Furthermore, and herein lies the rub, such diplomacy is based on a fundamentally flawed legal proposition: that section 17(b) is an enabling provision which allows operators to take advantage of it should they wish to, or waive it if they do not. The defect in this argument dates back to a view taken by the MEA and made available publicly in an opinion given by the previous attorney-general, Goolam Vahanvati:
Section 17 of the CLND Act, 2010 is a kind of enabling provision; it gives a specific right to the operator but does not place any mandatory obligation or requirement to exercise the right of recourse against the supplier. In the absence of a mandatory obligation, the operator could choose not to exercise that right. It is a statutory right and not a fundamental right under the constitution.
In reply Vahnavati says,
The views of the MEA cannot be said to be legally unsustainable, but a question may arise about advisability of such a waiver, particularly when NPCIL is a PSU.
This raises a key subsequent question, not conclusively dealt with by the AG: Is waiver of a statutory right of a generic nature that imposes heavy obligation on national resources if exercised in conformity with public policy? A little further research would have demonstrated that it is arguably not.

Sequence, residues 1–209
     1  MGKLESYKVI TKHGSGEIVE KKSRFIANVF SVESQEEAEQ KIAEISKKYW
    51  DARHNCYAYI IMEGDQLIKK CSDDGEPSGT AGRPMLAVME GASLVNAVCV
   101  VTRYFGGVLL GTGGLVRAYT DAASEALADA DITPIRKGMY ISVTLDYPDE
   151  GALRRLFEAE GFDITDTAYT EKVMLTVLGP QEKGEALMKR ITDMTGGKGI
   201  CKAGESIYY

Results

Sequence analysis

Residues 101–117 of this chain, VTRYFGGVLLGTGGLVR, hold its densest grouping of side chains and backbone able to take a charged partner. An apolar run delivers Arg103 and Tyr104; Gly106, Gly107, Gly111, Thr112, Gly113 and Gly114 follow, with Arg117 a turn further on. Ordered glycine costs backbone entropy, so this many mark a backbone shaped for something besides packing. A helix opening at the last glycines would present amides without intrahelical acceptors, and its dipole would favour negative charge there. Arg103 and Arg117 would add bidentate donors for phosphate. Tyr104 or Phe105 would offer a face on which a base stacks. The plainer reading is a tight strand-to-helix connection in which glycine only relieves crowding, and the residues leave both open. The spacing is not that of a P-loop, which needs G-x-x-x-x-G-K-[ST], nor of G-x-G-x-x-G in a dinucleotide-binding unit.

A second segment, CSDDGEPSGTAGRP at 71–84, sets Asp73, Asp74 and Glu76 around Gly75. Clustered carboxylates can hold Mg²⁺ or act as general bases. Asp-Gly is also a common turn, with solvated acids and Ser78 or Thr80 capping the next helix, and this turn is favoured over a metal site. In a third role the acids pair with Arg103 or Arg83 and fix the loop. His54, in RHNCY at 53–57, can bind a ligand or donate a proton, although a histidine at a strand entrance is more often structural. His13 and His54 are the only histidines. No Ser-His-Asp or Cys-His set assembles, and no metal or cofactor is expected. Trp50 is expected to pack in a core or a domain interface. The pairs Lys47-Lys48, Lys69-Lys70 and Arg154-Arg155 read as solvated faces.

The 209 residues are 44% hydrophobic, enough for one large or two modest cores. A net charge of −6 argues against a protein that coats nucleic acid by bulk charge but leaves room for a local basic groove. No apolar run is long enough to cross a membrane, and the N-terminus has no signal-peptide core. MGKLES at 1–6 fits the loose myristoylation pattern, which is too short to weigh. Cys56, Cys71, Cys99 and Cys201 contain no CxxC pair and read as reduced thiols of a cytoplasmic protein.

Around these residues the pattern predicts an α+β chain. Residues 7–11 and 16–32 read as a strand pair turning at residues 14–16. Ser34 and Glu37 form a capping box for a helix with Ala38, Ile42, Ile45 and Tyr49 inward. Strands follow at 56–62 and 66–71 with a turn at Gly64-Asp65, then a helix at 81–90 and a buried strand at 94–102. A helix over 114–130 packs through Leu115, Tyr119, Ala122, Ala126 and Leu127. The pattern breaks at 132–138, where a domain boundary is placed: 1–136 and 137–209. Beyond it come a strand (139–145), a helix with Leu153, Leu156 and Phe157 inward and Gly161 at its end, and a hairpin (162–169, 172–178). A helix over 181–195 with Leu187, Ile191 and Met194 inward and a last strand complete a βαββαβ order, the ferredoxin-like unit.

Indian public policy would be irreparably harmed if operators which are all government entities are permitted to defy the express will of Parliament by entering into a contract to the contrary. This is especially so if such a waiver results in letting a defective supplier off the hook and making the taxpayer pick up the tab for his defects. This legal position is clear from Supreme Court precedent. It is only for the Supreme Court to overrule such a view or take a position to the contrary. For the MEA to contend otherwise without any affirmation from the Court, amounts to curious doublespeak by the Indian state.
Thus ratification of the CSC coupled with a hortatory declaration is far from the ‘conclusive step’ in civil nuclear liability issues in India that the MEA envisages. It reflects a myopic resolution of a stark and uncomfortable dilemma that has plagued the MEA ever since the Act was passed – either, to recommend its amendment to bring it in line with the CSC to assuage nuclear suppliers, or stand firmly behind its act which has the potential to herald a new and more equitable regime for nuclear liability internationally. The MEA has steadfastly refused to do either. As a result it has ended up walking what it believes to be a diplomatically sound tightrope. Unfortunately this tightrope belittles parliament, intensifies legal complexity, all the while largely failing to assuage nuclear suppliers.
It is high time that the MEA opened its eyes to the fact that they’re not walking a tightrope – they’re on thin air.
Arghya Sengupta is Research Director, Vidhi Centre for Legal Policy. He was lead author of a report titled: “Operationalising India’s Nuclear Agreements: Issues and Solutions of Nuclear Liability” which contains detailed arguments on this issue. It may be accessed here.